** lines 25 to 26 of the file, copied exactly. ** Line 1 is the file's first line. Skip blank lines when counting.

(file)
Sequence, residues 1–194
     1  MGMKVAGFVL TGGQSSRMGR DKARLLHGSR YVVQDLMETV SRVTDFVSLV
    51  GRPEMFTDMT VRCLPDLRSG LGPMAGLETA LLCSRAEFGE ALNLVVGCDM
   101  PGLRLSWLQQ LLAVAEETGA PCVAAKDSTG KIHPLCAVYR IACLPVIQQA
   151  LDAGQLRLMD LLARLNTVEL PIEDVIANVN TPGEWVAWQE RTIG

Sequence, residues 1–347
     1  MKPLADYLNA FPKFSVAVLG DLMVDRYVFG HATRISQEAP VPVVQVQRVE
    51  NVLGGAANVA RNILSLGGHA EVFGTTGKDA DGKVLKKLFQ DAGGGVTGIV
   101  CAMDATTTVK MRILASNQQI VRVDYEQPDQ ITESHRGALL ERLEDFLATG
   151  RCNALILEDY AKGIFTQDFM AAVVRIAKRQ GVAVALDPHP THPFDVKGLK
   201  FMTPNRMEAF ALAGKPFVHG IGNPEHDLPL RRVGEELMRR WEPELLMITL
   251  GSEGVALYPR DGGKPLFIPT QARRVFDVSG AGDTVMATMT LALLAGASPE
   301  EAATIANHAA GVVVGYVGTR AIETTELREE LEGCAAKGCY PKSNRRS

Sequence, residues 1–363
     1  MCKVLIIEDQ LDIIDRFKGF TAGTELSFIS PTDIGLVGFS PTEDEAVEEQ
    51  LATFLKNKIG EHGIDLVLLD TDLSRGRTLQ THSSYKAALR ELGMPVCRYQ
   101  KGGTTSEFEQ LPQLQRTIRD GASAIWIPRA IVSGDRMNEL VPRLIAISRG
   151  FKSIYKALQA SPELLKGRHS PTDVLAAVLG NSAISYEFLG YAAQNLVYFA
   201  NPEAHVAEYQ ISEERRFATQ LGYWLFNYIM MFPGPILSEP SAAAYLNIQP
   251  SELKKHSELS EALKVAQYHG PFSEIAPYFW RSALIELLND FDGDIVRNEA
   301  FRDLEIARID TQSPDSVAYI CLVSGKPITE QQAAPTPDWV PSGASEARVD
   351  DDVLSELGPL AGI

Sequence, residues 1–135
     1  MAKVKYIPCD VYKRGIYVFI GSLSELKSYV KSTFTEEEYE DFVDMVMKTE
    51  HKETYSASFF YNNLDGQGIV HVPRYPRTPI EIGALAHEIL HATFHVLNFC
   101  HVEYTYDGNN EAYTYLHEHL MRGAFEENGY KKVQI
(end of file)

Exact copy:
    51  HKETYSASFF YNNLDGQGIV HVPRYPRTPI EIGALAHEIL HATFHVLNFC
   101  HVEYTYDGNN EAYTYLHEHL MRGAFEENGY KKVQI